Welcome to WordPress. This is your first post. Edit or delete it, then start writing!
Why we’re only – at the start – of a startup and ecosystem-driven economy
As I am heading to San Francisco tomorrow, after two long years, I wanted to reflect on the current startup economy and the change our society is experiencing. The truth is, the model of this flourishing innovation ecosystem is spreading faster than before to other countries because of the current socio-economic influences such as COVID, how politicians support it, and how companies utilize startups as an external resource for innovation.
We know it: the hype of entrepreneurship started in Silicon Valley over 60 years ago.
Silicon Valley is famous for its economic success, and many have documented it (e.g., see the work of AnnaLee Saxenian). The truth is, Entrepreneurship as we know, started in this place around 60 years ago, thanks to the success and spin-outs of Fairchild semiconductor.
Let’s put their success into numbers. The StartupBlink report “Global Startup Ecosystem Rankings 2021” ranked ecosystems of 1,000 cities and one hundred countries. It found that San Francisco and Silicon Valley outperform the rest of the world in terms of the number of startups and innovations. San Francisco Bay (Silicon Valley) was ranked first, scoring 328,966. New York was second (110,777), followed by Beijing (66,749), Los Angeles (58,441), London (56,913), and Boston (49.835). Tel Aviv ranked eighth, Paris eleventh, and Berlin thirteenth out of thousands of cities.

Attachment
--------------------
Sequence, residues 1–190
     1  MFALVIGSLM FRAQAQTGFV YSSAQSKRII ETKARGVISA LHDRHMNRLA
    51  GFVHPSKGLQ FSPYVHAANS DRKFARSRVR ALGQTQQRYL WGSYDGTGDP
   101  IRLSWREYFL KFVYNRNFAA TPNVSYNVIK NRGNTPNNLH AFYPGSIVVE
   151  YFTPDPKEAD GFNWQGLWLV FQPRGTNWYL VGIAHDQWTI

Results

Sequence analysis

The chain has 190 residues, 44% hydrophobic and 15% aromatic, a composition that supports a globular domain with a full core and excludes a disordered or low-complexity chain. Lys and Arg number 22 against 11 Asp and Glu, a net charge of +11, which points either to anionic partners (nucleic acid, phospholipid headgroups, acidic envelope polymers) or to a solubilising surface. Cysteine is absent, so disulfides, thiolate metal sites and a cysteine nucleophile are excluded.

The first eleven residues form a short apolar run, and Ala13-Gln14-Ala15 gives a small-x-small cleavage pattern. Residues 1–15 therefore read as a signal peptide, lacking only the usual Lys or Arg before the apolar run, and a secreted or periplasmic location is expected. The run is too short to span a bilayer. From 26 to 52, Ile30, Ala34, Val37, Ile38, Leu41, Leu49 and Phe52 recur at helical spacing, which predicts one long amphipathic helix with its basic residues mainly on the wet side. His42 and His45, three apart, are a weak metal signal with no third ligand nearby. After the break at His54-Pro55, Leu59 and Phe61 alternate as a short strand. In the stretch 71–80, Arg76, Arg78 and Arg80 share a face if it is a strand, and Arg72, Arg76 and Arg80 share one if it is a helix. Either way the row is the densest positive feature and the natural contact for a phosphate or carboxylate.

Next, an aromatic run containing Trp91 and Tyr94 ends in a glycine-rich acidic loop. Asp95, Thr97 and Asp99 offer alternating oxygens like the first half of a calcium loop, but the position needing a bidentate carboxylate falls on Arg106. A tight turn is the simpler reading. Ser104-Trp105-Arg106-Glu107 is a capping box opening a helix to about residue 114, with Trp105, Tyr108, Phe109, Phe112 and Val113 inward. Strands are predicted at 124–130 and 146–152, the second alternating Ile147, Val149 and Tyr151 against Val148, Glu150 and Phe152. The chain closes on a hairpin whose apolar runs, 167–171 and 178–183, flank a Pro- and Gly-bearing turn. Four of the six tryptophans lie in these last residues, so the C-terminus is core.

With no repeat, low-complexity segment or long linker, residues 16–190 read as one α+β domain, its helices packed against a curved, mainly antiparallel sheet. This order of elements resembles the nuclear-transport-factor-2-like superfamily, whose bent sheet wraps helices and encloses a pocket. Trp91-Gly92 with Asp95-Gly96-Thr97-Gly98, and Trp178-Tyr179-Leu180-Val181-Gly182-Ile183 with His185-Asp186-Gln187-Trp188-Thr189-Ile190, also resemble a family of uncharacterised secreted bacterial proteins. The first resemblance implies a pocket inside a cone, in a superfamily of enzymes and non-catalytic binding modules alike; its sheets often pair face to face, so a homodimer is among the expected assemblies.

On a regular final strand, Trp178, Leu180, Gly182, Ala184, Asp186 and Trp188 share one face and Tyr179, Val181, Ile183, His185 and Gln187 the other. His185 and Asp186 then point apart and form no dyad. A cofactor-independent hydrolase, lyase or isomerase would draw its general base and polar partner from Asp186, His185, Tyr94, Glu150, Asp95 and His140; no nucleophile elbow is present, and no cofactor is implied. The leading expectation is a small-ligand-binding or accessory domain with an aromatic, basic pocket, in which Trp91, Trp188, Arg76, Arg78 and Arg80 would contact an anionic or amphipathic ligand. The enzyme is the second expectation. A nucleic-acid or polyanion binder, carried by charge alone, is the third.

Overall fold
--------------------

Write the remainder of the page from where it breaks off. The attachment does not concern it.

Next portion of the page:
While this is just one study with a specific algorithm, it shows how advanced the region is.
The world is following.
Startup ecosystems are on the rise, and they are freshly new! As of today, the US is still producing 4x more startups vs the second nation on the ranking (UK) and is by far more advanced on entrepreneurship initiatives than the rest of the globe, but it doesn’t mean it will stay like this.
Take my home country, France, for example. President Macron vowed in 2018 to make France a “startup nation” (Alderman, 2018). At Vivatech in 2022, he announced that France wishes to have 100 unicorns by 2030. As a matter of fact, the country had only 1 unicorn and 4 times less external capital to fund startups back in 2015. The same trend is happening in Germany. The number of startups will double annually in the country until 2030. Startups will become the backbone of its economy generating over 1.4 million jobs and boosting economic growth (McKinsey & Company, 2021). In fact, the trend is not only a US, German, or French one. The movement is global.
COVID as an accelerator.
This has to be considered into the equation, COVID changed a lot of things. It forced many professionals to rethink their lives. Many decided to start new companies:
– USA: In Q3 of 2020 alone, there were more than 1.5 million new-business applications in the USA—almost twice the amount for Q3 2019.
– In France, 84,000 new business formations happened in October 2020, the highest ever recorded and 20 percent more than in October 2019.
– Germany also experiences record numbers of new business applications compared with 2019; ditto for Japan.
Since we will have more startups and small businesses worldwide, companies will automatically increase their interaction with them. According to an MIT and Capgemini study (Thompson, Bonnet, and Jaballah, 2020), the innovation coming from the outside world is becoming increasingly relevant for companies:
The point is, it is only the beginning of an economic age where collaboration, dominates. For that, we need more people to be able to think, work, and thrive in these new environments. Is the world and the workforce ready for it?